Researchers have detected unsafe levels of a drug analog in a popular workout supplement.
The pre-workout powder called Craze - manufactured by a New-York based company Driven Sports, Inc. - is drawing controversy, after a team of American scientists revealed that it contained alarming levels of a compound similar to methamphetamine, a drug that is widely known to cause severe damages to human health.
"In recent years banned and untested drugs have been found in hundreds of dietary supplements. We began our study of Craze after several athletes failed urine drug tests because of a new methamphetamine analog," lead author Dr. Pieter Cohen, from the Harvard Medical School, in the US, said in a news release.
Cohen and colleagues in the US, used ultra-high performance liquid chromatography to test three samples of the sports supplement and confirmed the presence of a compound N,α- DEPEA, that holds structural similarities to a banned methamphetamine substance. "We identified a potentially dangerous designer drug in three separate samples of this widely available dietary supplement," Cohen, said. "The tests revealed quantities of N,?-DEPEA of over 20mg per serving, which strongly suggests that this is not an accidental contamination from the manufacturing process."
Apart from that, the company had listed N,N-diethyl-phenylethylamine (N,N-DEPEA) in their products' contents, showing its origin from the endangered dendrobium orchids. The researchers said that presence of such a compound in orchids was yet to be proved scientifically. "The phenylethylamine we identified in Craze, N,alpha-DEPEA, is not listed on the labeling and it has not been previously identified as a derivative of dendrobium orchids," said Cohen. They also found many organic compounds known as phenylethylamines, chemicals found both in chocolates and illegal drugs, listed in the contents.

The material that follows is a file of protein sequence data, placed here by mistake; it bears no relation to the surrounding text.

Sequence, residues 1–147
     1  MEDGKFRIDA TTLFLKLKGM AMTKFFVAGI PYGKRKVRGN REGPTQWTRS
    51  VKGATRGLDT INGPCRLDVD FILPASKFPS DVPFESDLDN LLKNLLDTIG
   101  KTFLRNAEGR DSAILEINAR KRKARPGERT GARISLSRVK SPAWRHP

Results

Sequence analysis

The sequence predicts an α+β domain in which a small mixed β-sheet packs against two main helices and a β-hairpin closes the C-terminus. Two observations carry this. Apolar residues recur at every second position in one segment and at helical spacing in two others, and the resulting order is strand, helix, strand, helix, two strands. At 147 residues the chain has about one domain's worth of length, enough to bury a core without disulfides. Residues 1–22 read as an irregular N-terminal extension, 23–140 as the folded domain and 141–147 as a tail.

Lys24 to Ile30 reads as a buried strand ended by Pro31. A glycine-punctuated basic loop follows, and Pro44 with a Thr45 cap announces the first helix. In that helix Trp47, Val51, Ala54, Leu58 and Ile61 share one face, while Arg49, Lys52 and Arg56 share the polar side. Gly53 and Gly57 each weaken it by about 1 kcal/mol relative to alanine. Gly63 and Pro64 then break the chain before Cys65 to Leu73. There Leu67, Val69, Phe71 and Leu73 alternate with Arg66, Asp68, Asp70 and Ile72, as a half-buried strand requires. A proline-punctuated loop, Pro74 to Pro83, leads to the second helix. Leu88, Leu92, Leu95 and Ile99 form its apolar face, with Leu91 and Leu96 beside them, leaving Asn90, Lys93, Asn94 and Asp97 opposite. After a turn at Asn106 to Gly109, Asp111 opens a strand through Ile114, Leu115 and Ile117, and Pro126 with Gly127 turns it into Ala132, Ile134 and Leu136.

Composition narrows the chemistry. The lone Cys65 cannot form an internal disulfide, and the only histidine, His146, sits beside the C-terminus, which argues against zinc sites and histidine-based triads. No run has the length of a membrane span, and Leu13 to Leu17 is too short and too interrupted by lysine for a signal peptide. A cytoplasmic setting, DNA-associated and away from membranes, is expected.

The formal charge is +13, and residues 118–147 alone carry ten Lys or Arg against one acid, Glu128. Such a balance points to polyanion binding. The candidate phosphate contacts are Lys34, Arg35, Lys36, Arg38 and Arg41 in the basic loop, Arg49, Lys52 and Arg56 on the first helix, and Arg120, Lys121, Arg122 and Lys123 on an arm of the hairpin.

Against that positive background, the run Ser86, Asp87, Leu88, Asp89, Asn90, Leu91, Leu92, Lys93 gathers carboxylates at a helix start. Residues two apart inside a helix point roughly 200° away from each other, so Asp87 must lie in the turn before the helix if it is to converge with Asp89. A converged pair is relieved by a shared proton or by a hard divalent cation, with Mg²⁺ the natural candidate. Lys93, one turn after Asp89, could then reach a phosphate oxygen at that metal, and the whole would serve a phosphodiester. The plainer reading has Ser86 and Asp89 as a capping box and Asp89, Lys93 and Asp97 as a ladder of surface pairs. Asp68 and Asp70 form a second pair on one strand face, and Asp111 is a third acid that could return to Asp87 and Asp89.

The report has been published in the Drug Testing and Analysis.
While responding, the company refuted the allegations that Craze contained any harmful substances. A statement appeared on the company's website said that studies conducted by the company had shown that "Craze does not contain amphetamines or controlled substances," and continued that it had "suspended the production and sale of Craze several months ago while it investigated the reports in the media regarding the safety of Craze."
Bodybuilding.com, a leading American online retailer of sports supplements and nutritional products, claims the product is safe for use. "Bodybuilding.com has conducted product, blood and urine tests on Craze numerous times and all tested negative for amphetamines. You are free to share the fact that we've tested and all results have been negative," a statement appeared on the website, said. "We remain committed to providing products that are legal and safe and have no evidence that Craze is any different."
The company has temporarily suspended sales of the supplement and is awaiting the results of the tests they recently conducted on the product.